What do marketers really want from their jobs?

A guarantee of a job next year some might say. Nonetheless the World Federation of Advertisers (WFA) has been looking into this thorny issue and tops it seems is that mysterious quality ‘purpose.’

The top three such desirable companies in its new worldwide survey of national advertiser associations are Apple, Unilever and Procter & Gamble (who are all big and rich too, of course.) P&G’s Marc Pritchard was recently chosen as the WFA’s 2020 marketer of the year.

A “strong/clear corporate purpose and mission” was named as the No 1 corporate attribute by client-side marketers when asked to rank the factors that would attract them to work for a company. “Strong brands in portfolio” came second with “a solid track record of performance” third.

The research highlighted that different facets of corporate culture and business approach appeal to different groups and regions. Purpose, for example, was less important for media and digital marketers (why is that no surprise?), those based in South East Asia and entry-level marketers.

Male marketers were more keen than other groups to work for companies with strong brands in the portfolio, while female respondents and those based in Europe over-indexed on sustainable and ethical business models.

The results also reveal the marketing approach and key capabilities most likely to appeal to marketing talent. Respondents to the survey thought that companies that put the customer first were most attractive, followed by those with a strong innovation pipeline and those with a high reputation for producing strong marketing talent.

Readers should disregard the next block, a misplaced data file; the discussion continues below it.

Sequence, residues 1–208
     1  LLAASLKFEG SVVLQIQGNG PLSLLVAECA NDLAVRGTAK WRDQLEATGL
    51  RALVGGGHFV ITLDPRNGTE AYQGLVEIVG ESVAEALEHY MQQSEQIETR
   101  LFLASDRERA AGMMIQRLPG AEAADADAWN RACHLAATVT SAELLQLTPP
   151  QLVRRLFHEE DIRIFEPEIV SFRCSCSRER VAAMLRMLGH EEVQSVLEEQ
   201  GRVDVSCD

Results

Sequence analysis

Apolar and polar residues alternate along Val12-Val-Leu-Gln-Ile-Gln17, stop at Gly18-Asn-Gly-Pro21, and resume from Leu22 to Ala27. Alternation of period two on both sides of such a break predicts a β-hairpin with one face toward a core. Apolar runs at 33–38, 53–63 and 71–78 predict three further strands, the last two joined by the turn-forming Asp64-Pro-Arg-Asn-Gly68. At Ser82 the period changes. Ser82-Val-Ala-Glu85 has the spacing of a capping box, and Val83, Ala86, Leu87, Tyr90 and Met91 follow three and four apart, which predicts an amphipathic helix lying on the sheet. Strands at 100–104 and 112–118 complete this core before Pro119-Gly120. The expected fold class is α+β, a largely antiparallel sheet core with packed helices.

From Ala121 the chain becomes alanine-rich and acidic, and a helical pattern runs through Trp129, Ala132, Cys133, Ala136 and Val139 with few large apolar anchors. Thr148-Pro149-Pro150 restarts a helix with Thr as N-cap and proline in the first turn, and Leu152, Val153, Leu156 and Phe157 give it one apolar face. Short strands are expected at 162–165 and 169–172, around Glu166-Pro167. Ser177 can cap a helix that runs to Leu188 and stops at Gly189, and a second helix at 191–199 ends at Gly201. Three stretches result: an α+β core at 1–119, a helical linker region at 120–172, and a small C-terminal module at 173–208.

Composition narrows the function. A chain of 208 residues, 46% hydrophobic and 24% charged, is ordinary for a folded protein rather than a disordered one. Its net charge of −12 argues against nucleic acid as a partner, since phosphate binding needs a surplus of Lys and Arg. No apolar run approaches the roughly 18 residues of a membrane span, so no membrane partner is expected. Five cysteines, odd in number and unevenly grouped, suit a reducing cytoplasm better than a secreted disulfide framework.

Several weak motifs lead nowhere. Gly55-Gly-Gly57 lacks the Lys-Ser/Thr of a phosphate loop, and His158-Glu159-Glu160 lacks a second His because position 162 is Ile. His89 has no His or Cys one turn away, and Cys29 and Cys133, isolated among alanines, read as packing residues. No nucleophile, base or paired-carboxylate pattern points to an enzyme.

Consumer-centricity was more appealing to marketers with more than 20 years’ experience, product innovation indexed more heavily in Latin America, while European marketers were keener that their employer should be known for its pipeline of marketing talent.

WFA CEO Stephan Loerke says: “Marketing talent is more selective than ever; seeking to work for brands and companies that have clear values and a vision that goes above and beyond driving business performance and delivers meaningful and measurable societal benefit.”

The full report is here.

You May Also Like

About Stephen Foster

Avatar
Stephen is a former editor of Marketing Week and London Evening Standard advertising columnist. He wrote City Republic for Brand Republic and is a partner in communications consultancy The Editorial Partnership.